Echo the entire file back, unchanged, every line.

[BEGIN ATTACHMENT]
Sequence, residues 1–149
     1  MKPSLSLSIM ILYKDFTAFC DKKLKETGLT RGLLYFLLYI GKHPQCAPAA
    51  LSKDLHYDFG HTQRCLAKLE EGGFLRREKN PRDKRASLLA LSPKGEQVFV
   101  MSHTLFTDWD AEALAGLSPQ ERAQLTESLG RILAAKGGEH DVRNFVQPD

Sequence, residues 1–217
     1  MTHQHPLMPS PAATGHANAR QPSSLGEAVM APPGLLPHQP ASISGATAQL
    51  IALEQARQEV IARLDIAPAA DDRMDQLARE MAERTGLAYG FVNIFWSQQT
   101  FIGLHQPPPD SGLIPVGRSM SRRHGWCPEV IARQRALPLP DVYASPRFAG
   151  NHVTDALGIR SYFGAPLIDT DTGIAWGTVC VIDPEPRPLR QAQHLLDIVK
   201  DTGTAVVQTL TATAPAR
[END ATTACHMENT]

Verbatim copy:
Sequence, residues 1–149
     1  MKPSLSLSIM ILYKDFTAFC DKKLKETGLT RGLLYFLLYI GKHPQCAPAA
    51  LSKDLHYDFG HTQRCLAKLE EGGFLRREKN PRDKRASLLA LSPKGEQVFV
   101  MSHTLFTDWD AEALAGLSPQ ERAQLTESLG RILAAKGGEH DVRNFVQPD

Sequence, residues 1–217
     1  MTHQHPLMPS PAATGHANAR QPSSLGEAVM APPGLLPHQP ASISGATAQL
    51  IALEQARQEV IARLDIAPAA DDRMDQLARE MAERTGLAYG FVNIFWSQQT
   101  FIGLHQPPPD SGLIPVGRSM SRRHGWCPEV IARQRALPLP DVYASPRFAG
   151  NHVTDALGIR SYFGAPLIDT DTGIAWGTVC VIDPEPRPLR QAQHLLDIVK
   201  DTGTAVVQTL TATAPAR